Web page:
I grilled the bread in the oven under the broiler for 2 minutes per side.
The burgers were delicious with the feta. Although the picture is not accurate, it suggests serving with slices of sourdough, tomato and feta. The picture suggest cucumber, yoghurt and mint on a burger bun, which would also be delicious.
Totally yummy. Would make again for sure!
If you enjoy lamb, these burgers are just the ticket for you. They were delish! And juicy and lamby and filling!
Two pounds made 4 very large burgers but after one bite you wouldn't want them any smaller. The burger mix is quick to prepare. I chose not to use the dried rosemary as it's not a favorite around here.
I didn't have 2 hours to refrigerate the burgers before grilling but after 1 hour they seemed to be ok. I would imagine that another hour or two chilling in the fridge would only have blended the flavors further. We grilled over a gas grill, 2 burners on one side and off on the other two. We grilled over direct heat for 4 minutes and a further 6 minutes on the other side. We moved the burgers closer to the indirect side as we like our lamb pinkish in the middle (and our grill tends to run a bit hot) As the burgers finished we lightly toasted the bread and then assembled the burgers.
The lamb was set off nicely with the salty bite of the feta and the refreshing spinach. None of us had room for the side salads after eating the burger, but that was a-ok with us. We had 3 burgers for dinner and 1 burger leftover for my lunch the next day. I have to say it was just as good the next day bunless in a lettuce leaf with a side of salad.
If you wanted to make these smaller, you could stretch the burger mix to 6 patties but I wouldn't go any less than that. You really want the lamb to shine through. I can't wait to make these again.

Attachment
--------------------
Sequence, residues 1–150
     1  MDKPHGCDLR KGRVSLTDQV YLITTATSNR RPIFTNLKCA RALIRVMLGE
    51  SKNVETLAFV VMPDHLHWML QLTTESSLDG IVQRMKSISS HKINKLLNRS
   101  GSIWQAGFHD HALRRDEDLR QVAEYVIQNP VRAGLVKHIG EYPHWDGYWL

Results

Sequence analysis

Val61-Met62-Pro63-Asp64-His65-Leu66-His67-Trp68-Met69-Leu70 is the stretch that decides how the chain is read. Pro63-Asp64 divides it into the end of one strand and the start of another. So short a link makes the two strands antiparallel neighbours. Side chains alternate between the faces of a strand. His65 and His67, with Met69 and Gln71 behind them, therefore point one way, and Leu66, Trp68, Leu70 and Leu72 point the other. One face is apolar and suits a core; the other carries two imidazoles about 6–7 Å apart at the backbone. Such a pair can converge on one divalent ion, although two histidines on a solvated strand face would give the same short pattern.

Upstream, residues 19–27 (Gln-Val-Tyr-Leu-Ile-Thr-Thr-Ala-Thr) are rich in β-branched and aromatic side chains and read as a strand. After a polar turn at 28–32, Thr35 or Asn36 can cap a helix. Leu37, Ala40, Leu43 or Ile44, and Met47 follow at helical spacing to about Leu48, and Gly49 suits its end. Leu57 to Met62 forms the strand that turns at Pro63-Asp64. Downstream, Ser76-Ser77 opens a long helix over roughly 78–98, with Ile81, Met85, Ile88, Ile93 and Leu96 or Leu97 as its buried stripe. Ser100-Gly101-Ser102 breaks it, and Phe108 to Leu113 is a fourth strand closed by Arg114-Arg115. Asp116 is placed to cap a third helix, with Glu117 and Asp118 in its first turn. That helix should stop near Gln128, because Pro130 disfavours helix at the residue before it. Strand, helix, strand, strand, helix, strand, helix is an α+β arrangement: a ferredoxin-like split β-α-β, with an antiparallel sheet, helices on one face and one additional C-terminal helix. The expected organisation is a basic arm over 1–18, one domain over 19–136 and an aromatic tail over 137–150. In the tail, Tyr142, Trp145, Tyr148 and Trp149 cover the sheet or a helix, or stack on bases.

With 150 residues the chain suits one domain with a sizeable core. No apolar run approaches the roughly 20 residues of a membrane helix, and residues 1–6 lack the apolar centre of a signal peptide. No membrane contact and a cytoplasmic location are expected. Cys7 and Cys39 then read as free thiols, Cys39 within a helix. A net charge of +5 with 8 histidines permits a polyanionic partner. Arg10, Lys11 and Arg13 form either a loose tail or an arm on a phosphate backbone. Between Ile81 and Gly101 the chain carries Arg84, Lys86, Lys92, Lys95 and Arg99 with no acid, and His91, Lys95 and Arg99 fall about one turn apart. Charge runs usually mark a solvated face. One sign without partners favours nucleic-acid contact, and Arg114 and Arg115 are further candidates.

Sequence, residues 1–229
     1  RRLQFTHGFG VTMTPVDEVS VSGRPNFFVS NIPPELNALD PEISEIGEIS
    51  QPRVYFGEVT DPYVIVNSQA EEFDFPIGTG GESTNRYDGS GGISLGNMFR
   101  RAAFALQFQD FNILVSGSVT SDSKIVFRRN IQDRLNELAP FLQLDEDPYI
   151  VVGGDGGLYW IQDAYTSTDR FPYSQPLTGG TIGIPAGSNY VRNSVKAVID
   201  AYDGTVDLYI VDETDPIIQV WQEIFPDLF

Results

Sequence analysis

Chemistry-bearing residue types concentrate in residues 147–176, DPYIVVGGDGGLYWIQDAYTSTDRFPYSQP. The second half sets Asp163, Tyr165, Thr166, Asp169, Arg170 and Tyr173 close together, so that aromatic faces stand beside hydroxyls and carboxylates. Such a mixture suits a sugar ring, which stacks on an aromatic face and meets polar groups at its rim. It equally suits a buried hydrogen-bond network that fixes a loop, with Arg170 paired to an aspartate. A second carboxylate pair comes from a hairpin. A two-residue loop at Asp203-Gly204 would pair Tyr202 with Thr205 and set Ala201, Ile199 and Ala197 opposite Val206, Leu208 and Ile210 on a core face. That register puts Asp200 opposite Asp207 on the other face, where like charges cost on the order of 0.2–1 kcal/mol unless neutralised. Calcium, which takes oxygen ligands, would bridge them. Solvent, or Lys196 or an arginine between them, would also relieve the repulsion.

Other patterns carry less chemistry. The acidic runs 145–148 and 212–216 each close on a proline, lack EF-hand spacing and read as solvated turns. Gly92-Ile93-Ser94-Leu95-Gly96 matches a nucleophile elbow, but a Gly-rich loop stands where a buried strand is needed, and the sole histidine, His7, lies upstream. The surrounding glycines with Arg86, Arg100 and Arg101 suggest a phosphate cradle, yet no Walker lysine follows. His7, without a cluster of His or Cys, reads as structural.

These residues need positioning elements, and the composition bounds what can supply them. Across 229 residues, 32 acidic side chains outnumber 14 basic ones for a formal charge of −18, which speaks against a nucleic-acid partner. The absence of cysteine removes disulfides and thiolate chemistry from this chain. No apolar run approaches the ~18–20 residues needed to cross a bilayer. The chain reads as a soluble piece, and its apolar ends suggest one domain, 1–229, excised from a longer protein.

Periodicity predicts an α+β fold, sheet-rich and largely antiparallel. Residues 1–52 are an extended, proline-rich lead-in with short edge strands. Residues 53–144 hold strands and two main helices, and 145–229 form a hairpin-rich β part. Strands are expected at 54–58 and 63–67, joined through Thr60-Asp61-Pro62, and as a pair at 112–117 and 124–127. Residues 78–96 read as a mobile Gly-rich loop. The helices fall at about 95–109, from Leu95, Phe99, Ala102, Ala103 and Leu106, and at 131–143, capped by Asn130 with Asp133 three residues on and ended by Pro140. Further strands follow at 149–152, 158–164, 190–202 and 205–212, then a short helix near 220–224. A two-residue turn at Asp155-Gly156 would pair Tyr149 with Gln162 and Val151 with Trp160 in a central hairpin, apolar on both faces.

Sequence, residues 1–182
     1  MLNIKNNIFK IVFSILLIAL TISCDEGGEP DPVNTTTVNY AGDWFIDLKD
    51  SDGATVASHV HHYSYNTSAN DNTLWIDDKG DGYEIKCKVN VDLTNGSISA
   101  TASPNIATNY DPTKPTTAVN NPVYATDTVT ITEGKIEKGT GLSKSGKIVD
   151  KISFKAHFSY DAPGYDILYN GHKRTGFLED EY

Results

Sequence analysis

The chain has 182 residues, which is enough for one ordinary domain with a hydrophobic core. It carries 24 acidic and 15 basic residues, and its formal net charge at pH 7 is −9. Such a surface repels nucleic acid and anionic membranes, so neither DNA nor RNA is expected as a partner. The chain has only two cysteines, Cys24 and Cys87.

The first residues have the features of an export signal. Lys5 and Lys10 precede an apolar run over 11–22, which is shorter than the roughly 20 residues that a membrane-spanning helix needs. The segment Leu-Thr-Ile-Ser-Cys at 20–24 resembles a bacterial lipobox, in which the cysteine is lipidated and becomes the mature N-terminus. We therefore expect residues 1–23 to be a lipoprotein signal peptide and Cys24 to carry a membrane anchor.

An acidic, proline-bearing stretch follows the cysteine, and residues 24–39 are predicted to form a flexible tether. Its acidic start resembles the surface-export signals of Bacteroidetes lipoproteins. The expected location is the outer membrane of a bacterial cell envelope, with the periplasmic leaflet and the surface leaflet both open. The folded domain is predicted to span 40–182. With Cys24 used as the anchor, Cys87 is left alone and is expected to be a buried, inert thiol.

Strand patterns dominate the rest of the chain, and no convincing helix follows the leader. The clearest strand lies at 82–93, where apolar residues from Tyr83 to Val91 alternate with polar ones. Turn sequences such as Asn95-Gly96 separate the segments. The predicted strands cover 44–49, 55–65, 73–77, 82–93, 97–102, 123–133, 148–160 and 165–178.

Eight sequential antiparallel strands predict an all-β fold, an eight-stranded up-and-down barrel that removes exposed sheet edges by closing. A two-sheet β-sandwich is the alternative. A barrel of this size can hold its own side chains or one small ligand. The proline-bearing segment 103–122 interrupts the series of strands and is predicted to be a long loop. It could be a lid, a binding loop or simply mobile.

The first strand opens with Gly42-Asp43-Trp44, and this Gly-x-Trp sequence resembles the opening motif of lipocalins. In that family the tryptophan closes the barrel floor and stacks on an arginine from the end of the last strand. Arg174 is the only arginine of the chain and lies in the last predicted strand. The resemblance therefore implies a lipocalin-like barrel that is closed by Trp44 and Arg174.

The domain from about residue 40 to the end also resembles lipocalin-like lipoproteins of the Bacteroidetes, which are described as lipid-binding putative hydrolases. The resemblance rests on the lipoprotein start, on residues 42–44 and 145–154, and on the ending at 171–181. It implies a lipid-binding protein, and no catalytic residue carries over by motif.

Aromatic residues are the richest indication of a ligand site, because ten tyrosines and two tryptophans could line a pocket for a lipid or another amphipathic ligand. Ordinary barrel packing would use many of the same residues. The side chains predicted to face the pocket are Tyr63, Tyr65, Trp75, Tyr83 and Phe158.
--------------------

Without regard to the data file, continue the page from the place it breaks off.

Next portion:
If you want a good lamb burger, then this is your recipe! Although a little bit of work, these were delicious. The first night we had them with feta, then my husband had one the next night with blue cheese and preferred that over the feta, although you can't go wrong with either choice! I also added some Dijon mustard to mine. So good!
I grilled them on direct heat 4 minutes the first side and 4 1/2 minutes on the other side for medium.
These lamb burgers were delicious, juicy, and perfectly cooked.
I cooked the burgers over medium-high direct charcoal heat for 5 minutes on one side, 7 on the other, and then moved to indirect heat until the “touch test” felt right (5 additional minutes).
I’d recommend adding the feta to the burgers (and maybe the spinach so it wilts a little) as soon as they’re removed from the grill. I let them sit for 10 minutes after cooking and then we topped them, which didn’t really help everything come together. Next time I may try some blue cheese in lieu of the feta to see how this changes the profile.
Overall, I was very pleased with the recipe, and it will be a tough call in the future to decide between these and our all-time favorite lamb burgers.